## 1. Introduction

[2] The effects of the ionosphere have always been an obstacle for ground-based radio frequency observations of astronomical sources. This is especially true for interferometric observations used to make images of objects with relatively small angular sizes. VHF and UHF interferometers such as the Very Large Array (VLA) in New Mexico, the Westerbork Synthesis Radio Telescope (WSRT) in the Netherlands, the Giant Metrewave Radio Telescope (GMRT) in India, and the Australia Telescope Compact Array (ATCA), among others, are all affected by the ionosphere in the same way.

[3] The fundamental principles for the operation of an interferometer are well described in the literature [e.g., *Thompson et al.*, 1991]. Briefly, an interferometer measures the time-averaged correlation of the complex electric fields measured at pairs of antennas pointed at a particular object. These correlations, or “visibilities” provide a measure of the spectrum of the sky brightness distribution at different spatial frequencies. These frequencies are essentially the difference between the position vectors of the two antennas normalized by the wavelength of the observation in a coordinate system based on the position of the object in the sky. These spatial frequencies are commonly referred to as *u*, *v*, and *w*, and the coordinate system used is defined such that *u* is the spatial frequency in the east-west direction, *v* corresponds to the north-south direction, and *w* gives the spatial frequency along the line of sight to the object. Thus, as the object moves through the sky, the *u*, *v*, *w* coordinates of a pair of antennas, or “baseline,” changes. The visibility measured for a specific baseline at a particular time is given by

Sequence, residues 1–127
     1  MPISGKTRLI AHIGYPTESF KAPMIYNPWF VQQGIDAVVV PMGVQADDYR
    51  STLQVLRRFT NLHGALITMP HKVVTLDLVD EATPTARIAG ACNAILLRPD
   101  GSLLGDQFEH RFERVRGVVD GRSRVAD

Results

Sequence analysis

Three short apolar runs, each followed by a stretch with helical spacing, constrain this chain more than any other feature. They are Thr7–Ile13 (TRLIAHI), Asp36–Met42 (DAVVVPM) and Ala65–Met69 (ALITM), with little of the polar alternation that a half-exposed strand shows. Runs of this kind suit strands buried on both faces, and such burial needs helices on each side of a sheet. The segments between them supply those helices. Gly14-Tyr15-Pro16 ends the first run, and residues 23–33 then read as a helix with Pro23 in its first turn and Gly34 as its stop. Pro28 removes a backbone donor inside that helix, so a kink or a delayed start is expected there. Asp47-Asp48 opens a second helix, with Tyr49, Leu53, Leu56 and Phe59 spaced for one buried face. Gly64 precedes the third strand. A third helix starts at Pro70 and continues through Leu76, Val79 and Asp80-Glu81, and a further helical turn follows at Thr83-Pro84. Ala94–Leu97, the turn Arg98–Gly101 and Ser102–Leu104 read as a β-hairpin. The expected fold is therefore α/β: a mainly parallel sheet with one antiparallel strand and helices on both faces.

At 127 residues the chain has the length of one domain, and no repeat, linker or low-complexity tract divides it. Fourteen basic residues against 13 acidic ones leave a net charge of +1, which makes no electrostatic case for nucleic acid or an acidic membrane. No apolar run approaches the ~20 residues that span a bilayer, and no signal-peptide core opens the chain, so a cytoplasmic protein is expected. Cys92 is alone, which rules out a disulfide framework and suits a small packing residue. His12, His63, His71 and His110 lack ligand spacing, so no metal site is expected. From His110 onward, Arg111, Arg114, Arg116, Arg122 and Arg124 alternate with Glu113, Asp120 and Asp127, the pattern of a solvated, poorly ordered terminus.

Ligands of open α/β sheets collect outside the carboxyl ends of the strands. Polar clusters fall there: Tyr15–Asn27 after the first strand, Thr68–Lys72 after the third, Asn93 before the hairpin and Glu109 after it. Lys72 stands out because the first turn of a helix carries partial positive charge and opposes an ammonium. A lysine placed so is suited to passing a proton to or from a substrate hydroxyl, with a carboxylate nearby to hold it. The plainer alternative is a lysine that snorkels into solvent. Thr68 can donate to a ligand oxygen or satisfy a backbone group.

where Ω denotes solid angle, *ν* the frequency of the observed signal, and *I* is the intensity on the sky at a position given by the direction cosines *l*, *m*, and which are measured relative to the position of the observed object on the sky.

[4] Generally, interferometers are “fringe-stopped,” that is, the measured visibilities are multiplied by a factor of exp(−2*πiw*) so that visibilities from a source at the center of the field of view will have a phase of zero (i.e., the source will not produce fringes). This is mainly done because with fringe-stopping and for small fields of view (i.e., *n* ≃ 1), equation (1) becomes a simple two-dimensional Fourier transform such that the observed visibilities, measured as a function of *u* and *v*, may be converted to maps of intensity on the sky using standard numerical methods.